One of the nice features in Microsoft Windows Vista is its built-in support for multiple monitors. I've been taking advantage of a multiple-monitor configuration ever since the feature first became available in Windows 98, and now I feel cramped if I have to work on a system with only one monitor.
One of the biggest advantages I find to a multiple-monitor configuration is the amount of time and effort I save when doing any type of multitasking, i.e. running multiple applications. Rather than maximizing and minimizing windows to switch between applications, I simply turn my head from one monitor to the other.
For example, my multiple-monitor configuration consists of three monitors -- a 19-inch monitor flanked by two 17-inch monitors. When I'm researching and writing a technical article, I have Internet Explorer running on the left monitor and Word running on the center monitor. As I track down relevant information, I can easily jot down notes in my Word document. If I need to double-check anything on the Web page, I just glance over. The right monitor is running Outlook, so as I'm doing my research I can glance over at my Inbox when new e-mail arrives and quickly determine if it's important enough to interrupt my research/writing to deal with.
Of course, this is just one example, and I normally have more than one application running on each monitor. But the point is that a multiple-monitor configuration can really help you increase your efficiency when multitasking. While it's great that Windows provides you with built-in support for multiple monitors, it's too bad that they didn't take the next step and provide you with some additional functionality. Fortunately, Jon Tackabury at Binary Fortress Software stepped up to the plate and created DisplayFusion. This handy utility allows you to really take advantage of multiple monitors by providing you with a host of features that will help you get the most out of a multiple-monitor configuration.
This blog post is also available in PDF format in a free TechRepublic download.
There are two versions of DisplayFusion: a free, but limited, version, which is available in the TechRepublic Software Library, and the Pro version, which sells for $20. However, you can download a license key and get a 30-day trial of the Pro version. You can check out the Comparison page and download a copy.
Once you download and install DisplayFusion, you'll find its icon in the system tray and will be able to access and configure all its features from there.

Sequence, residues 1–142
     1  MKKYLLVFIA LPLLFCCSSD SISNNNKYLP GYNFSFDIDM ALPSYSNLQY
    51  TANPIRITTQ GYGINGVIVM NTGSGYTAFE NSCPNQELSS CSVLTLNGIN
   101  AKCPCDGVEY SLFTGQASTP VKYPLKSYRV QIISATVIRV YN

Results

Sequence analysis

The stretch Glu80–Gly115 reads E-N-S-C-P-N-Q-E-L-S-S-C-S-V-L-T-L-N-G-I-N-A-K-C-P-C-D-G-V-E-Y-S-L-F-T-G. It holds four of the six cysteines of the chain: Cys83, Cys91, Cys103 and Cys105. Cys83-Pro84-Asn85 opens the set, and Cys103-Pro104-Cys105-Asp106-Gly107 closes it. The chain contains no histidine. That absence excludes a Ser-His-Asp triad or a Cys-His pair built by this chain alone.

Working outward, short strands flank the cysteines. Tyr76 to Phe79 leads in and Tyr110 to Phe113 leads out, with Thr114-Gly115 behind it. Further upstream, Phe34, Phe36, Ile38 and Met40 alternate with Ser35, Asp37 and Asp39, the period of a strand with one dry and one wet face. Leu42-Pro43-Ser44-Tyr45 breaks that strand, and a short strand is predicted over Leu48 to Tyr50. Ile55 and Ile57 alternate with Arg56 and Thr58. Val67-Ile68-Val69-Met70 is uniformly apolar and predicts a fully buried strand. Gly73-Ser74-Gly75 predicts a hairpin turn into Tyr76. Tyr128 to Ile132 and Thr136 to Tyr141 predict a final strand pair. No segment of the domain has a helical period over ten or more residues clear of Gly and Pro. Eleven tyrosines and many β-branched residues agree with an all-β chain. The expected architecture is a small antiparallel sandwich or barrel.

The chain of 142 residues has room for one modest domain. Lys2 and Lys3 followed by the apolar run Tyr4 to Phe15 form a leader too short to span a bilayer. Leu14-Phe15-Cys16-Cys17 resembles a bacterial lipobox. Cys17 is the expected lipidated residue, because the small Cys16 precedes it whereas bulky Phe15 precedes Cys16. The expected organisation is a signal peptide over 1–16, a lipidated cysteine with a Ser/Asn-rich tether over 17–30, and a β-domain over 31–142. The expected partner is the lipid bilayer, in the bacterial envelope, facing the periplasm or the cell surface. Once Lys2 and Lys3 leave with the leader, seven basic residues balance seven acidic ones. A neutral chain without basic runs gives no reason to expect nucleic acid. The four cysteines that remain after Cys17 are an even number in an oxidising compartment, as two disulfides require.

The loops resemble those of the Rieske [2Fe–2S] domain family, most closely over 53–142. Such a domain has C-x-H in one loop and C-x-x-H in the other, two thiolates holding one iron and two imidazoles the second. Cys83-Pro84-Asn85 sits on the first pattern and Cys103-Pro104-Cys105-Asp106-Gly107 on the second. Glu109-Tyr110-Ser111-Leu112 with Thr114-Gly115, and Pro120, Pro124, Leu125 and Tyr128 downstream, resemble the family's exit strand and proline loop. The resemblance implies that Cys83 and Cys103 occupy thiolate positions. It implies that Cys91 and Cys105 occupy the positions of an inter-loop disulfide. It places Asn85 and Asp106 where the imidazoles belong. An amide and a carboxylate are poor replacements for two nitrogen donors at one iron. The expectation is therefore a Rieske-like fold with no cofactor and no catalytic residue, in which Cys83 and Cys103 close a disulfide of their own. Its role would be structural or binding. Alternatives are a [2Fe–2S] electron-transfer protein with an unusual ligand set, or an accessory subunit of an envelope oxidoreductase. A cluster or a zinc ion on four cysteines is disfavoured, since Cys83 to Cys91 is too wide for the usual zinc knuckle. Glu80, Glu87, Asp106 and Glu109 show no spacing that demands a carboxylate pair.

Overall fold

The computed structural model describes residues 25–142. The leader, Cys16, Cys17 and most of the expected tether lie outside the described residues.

Multi-monitor taskbarOf course, one of the primary reasons for adding additional monitors to your Windows system is to expand your screen real estate. So why not carry this idea one step further with the Multi-Monitor Taskbar feature, which allows you to expand the Windows Taskbar by placing a taskbar on the bottom of the screen on each secondary monitor. To activate and configure this feature, you'll right-click on the DisplayFusion icon and select the Multi-Monitor Taskbar command, as shown in Figure A.
To enable the Multi-Monitor Taskbar, just select the command.
As soon as you enable Multi-Monitor Taskbar feature, a taskbar appears on each monitor and immediately shows those applications that are open on that particular monitor. This alleviates the overcrowding of the main Taskbar that is a normal occurrence in a multiple-monitor configuration. In addition, this feature can save you time and frustration as it makes it easy to keep track of which applications are open on which monitor. And best of all, when you move a window from one monitor to another, you don't have to Restore Down the window first -- you can just click and drag a Maximized window from one monitor to the next. And when you do so, Multi-Monitor Taskbar keeps track of the window, such that it displays the task on the appropriate taskbar.
Desktop wallpaperWhile not as mission critical to the efficiency of a multiple-monitor setup, DisplayFusion's Desktop Wallpaper configuration option is still a really nice feature. For example, you can stretch a single image across all monitors or you can have a separate image on each monitor (Figure B). You can even configure randomly changing images from your computer or Flickr.com. You can change the color selection to grayscale or sepia tone, reposition the images on each monitor, and much more.
Stretch wallpaper across multiple monitors.
SettingsOn the Settings window, you'll find a host of additional configuration options that will allow you to tweak settings, assign hotkeys, adjust the Multi-Monitor Taskbar feature, as shown in Figure C, and much more.
On the Settings window, you can make all sorts of additional adjustments.
What's your take?
Are you using a multiple monitor setup? If so, do you think you'll want to try DisplayFusion? As always, if you have comments or information to share about this topic, please take a moment to drop by the TechRepublic Community Forums and let us hear from you.
TechRepublic's Windows Vista and Windows 7 Report newsletter, delivered every Friday, offers tips, news, and scuttlebutt on Vista and Windows 7, including a look at new features in the latest version of the Windows OS. Automatically sign up today!
Greg Shultz is a freelance Technical Writer. Previously, he has worked as Documentation Specialist in the software industry, a Technical Support Specialist in educational industry, and a Technical Journalist in the computer publishing industry.